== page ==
(designer)Townley Frocks (Firm)
8.5 in (width) x 11 in (height)
In this year, McCardell presented her first five-piece system of interchangeable separates, or â€œmix-and-matchâ€ separates, which were inspired by her need to pack light when traveling. The relative simplicity and functionality of the garments proved her willingness to diverge from French couture, and would serve as one of her design trademarks for many years to come. Although the designs in this series feature ensembles with multiple components, it is unclear if any of them depict a full five-piece system. The majority of the designs are similar to what McCardell produced in previous years, with calf-length skirts, jabot collars, and wide shoulders, as popularized by Elsa Schiaparelli. Designs also include numerous embellishments such as ruffles and netting, which McCardell seldom used later on in her career. The inscriptions found on sketches in this series feature the names of French designers and New York department stores, including Coco Chanel, Augustabernard, and Best & Co. A few sketches also include the names Paramount and Blumenthal, presumably referring to a belt manufacturer and B. Blumenthal & Co., a fashionable button company.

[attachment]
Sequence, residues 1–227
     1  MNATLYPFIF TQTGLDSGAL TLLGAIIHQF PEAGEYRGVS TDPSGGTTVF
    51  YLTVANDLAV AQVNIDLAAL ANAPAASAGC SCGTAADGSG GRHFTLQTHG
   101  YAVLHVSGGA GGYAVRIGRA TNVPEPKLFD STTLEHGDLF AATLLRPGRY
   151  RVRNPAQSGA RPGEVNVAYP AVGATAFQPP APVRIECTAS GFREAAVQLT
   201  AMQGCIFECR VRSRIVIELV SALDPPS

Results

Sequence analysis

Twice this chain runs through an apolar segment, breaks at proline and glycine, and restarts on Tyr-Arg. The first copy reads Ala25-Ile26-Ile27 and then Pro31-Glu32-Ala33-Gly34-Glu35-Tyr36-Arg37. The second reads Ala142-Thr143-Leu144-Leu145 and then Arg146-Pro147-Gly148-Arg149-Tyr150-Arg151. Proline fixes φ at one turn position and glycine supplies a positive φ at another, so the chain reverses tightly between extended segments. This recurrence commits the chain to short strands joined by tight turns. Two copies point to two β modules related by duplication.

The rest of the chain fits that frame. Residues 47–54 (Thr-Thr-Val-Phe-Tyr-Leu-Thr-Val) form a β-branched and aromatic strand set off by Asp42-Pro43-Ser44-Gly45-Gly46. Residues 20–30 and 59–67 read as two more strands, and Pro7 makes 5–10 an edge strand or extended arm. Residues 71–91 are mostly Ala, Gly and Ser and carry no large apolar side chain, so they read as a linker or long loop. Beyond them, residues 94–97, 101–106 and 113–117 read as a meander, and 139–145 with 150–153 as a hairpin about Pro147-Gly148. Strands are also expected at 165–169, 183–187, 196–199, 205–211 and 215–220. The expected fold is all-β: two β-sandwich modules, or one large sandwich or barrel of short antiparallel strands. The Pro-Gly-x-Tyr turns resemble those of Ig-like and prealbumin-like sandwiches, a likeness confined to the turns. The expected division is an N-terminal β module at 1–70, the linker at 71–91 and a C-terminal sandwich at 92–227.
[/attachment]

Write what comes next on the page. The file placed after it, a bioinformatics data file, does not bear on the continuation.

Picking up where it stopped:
Yohannan, Kohle and Nancy Nolf. Claire McCardell: Redefining Modernism. New York: Harry N. Abrams, Inc., 1998.
Kellen Design Archives
Claire McCardell. Townley Frocks 1934.
circa 1934. Claire McCardell fashion sketches. New School Archives and Special Collections Digital Archive
. Web. 17 Oct 2019
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